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David Campese by Paul Newton

An interview with Paul Newton, the creator of the portrait of rugby legend David Campese.

Interview with Paul Newton
Video: 2 minutes

The National Portrait Gallery would like to thank Paul Newton for his kind assistance with this project. All images courtesy of the artist.

Interview with Paul Newton transcript

Paul Newton: I initially had him posing with his arms folded, but when I got into the early stages of that painting I thought, “Well, maybe having the arms folded distances him from the viewer.” So I went a little bit cold on that composition, and I put the painting aside. I got another canvas, started again fresh, had him just put his hands in his pockets like this, which was a pose again that he adopted very naturally, and without having to be … and have it suggested to him. So I thought, “Well, that’s a good pose to work with.”

But during the latter stages of that painting, he was … David was in my studio when I was putting finishing touches on the painting, and this is when we were at Kenthurst and I had a rather large studio. And this painting was up in the back corner that I deliberately kept in the darkened corner, hoping that he wouldn’t notice it, nor the others who were there at the time. And he was having a … he was sniffing about, and he did notice it, and he said, “What’s happening with this, Paul? You haven’t finished this.” And I thought, “Oh, well, the game’s up.” And it’s interesting, because I really think that of the two variations it’s probably the more accurate, the more revealing of the two portraits, and says more about David Campese as a person. So I’m glad he suggested I finish it.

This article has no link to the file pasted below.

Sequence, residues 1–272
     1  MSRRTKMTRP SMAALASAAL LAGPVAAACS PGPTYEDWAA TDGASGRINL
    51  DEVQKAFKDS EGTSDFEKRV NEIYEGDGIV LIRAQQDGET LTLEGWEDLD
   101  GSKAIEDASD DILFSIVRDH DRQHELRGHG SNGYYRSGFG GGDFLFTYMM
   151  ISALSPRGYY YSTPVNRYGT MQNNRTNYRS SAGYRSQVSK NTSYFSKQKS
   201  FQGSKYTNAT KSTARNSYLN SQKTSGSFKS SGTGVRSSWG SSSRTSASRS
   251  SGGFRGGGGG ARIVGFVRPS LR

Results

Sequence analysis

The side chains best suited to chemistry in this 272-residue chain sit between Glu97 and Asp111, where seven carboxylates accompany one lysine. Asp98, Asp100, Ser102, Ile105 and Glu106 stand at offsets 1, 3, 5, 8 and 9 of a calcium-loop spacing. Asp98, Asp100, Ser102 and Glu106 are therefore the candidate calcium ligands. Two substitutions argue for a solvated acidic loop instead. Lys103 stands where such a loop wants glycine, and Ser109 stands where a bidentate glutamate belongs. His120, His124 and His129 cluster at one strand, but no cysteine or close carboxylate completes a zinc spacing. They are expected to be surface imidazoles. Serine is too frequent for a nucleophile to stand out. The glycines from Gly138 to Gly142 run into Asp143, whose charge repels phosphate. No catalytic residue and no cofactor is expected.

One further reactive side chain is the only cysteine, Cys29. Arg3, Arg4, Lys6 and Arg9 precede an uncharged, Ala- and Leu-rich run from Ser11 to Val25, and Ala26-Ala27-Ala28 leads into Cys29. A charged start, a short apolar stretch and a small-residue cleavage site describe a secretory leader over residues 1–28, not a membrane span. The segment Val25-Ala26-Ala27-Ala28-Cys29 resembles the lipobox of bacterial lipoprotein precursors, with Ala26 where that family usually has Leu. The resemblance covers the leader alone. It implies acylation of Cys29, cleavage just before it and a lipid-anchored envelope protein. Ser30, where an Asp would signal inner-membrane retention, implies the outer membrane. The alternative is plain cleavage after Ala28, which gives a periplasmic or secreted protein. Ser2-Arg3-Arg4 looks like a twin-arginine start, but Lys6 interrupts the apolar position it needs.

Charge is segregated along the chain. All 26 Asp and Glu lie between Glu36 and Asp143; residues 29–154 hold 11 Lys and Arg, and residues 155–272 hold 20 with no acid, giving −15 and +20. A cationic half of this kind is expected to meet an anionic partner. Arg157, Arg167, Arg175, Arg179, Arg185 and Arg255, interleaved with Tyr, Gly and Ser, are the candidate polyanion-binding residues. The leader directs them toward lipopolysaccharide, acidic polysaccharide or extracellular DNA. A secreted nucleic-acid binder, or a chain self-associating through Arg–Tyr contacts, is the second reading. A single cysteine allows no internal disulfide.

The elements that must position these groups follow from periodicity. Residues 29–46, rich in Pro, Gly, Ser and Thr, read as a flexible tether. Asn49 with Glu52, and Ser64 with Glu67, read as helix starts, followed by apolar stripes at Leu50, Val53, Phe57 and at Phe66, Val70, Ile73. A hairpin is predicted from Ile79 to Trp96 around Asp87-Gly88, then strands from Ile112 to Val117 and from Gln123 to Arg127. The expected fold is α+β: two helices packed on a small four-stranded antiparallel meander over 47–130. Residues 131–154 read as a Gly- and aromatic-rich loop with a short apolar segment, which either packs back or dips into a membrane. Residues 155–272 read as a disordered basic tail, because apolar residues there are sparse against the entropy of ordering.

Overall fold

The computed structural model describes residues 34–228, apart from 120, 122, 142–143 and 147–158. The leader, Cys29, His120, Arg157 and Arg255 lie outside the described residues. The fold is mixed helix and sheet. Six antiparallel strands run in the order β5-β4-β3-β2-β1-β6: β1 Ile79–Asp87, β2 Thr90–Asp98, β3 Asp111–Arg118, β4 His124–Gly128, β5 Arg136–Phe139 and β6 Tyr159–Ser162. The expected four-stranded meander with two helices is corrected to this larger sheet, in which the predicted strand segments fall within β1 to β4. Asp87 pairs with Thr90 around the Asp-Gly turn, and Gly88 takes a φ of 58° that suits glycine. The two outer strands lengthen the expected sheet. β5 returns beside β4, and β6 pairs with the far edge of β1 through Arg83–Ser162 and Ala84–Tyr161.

I see portraiture in a broader, more small “c” catholic sense, and I think it can encompass a whole range of possibilities. And really, the bottom line is some representation of a person where you’re hoping … attempting to reveal something about that person. It would be audacious to think that you could really capture or get to know them intimately. You can a little, but invariably they’re going to be putting on their … you know, a front as we all do when we’re in those sorts of situations. Which in a sense is why it’s often that a self portrait or a portrait of someone who’s very close to you may end up being the most revealing and authentic of portraits.

I think every portrait to some extent is … I don’t know who said this... was it Picasso or someone who said that every portrait is really a self-portrait? And I know when I’m doing my own painting, what I’m looking for is some resonance, some sense of the person looking back at me off the canvas.